Civil vs Banneret - What's the difference?

civil | banneret |


As an adjective civil

is (uncomparable) having to do with people and government office as opposed to the military or religion.

As a noun banneret is

a noble, knighted feudal lord who has the right to lead his vassals to battle under his own banner.

civil

English

Adjective

(en adjective)
  • (uncomparable) Having to do with people and government office as opposed to the military or religion.
  • She went into civil service because she wanted to help the people .
  • (comparable) Behaving in a reasonable or polite manner.
  • It was very civil of him to stop the argument

    Antonyms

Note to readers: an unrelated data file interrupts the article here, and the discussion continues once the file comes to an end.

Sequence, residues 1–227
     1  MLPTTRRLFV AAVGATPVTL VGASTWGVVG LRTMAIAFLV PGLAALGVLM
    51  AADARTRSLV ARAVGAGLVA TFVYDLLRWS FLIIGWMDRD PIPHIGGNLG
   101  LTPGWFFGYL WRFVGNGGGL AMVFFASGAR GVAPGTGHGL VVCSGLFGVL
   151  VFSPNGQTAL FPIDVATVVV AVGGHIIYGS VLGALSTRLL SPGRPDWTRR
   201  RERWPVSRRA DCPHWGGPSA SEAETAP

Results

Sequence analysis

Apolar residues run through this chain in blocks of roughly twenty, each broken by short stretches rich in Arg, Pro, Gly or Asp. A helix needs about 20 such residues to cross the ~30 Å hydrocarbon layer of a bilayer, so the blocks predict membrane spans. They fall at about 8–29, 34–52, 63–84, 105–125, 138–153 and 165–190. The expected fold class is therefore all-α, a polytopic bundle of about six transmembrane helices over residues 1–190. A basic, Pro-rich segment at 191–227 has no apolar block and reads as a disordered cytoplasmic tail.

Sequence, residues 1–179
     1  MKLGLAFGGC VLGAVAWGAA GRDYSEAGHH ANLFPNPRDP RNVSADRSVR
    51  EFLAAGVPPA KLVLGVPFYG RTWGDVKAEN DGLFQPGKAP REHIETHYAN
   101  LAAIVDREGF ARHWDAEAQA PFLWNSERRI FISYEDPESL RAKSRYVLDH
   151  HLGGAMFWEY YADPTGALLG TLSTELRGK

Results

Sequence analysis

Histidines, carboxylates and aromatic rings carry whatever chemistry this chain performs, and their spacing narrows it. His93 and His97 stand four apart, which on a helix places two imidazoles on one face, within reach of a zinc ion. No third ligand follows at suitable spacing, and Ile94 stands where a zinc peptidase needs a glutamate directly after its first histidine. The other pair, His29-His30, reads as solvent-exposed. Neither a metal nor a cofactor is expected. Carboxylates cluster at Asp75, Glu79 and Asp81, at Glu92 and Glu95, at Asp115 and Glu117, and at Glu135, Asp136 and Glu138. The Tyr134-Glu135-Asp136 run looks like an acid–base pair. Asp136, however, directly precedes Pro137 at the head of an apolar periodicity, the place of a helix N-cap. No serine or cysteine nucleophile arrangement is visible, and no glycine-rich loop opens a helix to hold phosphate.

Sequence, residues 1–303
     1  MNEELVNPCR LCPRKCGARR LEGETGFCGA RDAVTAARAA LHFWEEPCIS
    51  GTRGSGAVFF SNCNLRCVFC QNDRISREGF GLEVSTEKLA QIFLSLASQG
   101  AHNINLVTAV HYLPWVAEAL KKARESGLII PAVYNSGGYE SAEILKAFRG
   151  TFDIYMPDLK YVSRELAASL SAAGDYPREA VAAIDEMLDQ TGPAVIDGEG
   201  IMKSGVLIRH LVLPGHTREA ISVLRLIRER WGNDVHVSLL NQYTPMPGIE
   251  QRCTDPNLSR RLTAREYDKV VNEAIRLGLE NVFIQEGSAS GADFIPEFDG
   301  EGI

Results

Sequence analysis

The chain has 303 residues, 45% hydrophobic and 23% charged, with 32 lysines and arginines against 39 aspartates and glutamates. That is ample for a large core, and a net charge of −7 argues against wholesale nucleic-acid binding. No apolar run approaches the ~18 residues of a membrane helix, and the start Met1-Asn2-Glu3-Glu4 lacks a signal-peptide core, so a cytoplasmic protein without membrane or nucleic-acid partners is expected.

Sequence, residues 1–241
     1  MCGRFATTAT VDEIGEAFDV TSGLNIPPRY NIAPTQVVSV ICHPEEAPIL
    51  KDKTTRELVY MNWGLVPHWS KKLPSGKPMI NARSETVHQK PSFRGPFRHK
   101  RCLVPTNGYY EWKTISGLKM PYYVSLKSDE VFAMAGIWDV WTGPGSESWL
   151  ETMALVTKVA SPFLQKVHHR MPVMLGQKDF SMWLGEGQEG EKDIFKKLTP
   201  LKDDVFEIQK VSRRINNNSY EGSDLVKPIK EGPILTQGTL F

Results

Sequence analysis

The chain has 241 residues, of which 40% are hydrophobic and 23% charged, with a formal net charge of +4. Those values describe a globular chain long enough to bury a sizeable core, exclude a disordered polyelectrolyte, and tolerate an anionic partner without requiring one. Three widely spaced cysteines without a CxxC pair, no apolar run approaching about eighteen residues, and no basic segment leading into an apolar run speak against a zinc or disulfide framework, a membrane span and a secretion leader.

(ant-top) * (l) (ant-mid) * (l) (ant-bottom)

    Derived terms

    * (l) * (l) * (l) * (l) * (l) * (l) * (l) * (l) * (l) * (l) * (l) ----

    banneret

    English

    Alternative forms

    * bannerette (banner only)

    Noun

    (en noun)
  • A noble, knighted feudal lord who has the right to lead his vassals to battle under his own banner
  • A small banner.
  • (Shakespeare)
  • (military, historical) A .
  • * 1936 , The Periodical (), volumes 21–22, page 67
  • A list of new titles was manufactured as follows: Ensign'', ''Lieutenant'', ''Flight-Leader'', ''Squadron-Leader'', ''Reeve'', ''Banneret''''', ''Fourth-Ardian'', ''Third-Ardian'', ''Second-Ardian'', ''Ardian'', ''Air Marshal''. [â€ĤO]ne may regret “' Banneret ”, which has a flavour and associations, more especially as the leader of a formation in the air went into battle flying a streamer which formed a rallying mark as did the banner of the knight for his vassals.
  • A civil officer in some Swiss cantons.
  • Synonyms

    * (lord) (l)

    See also

    * (l) ----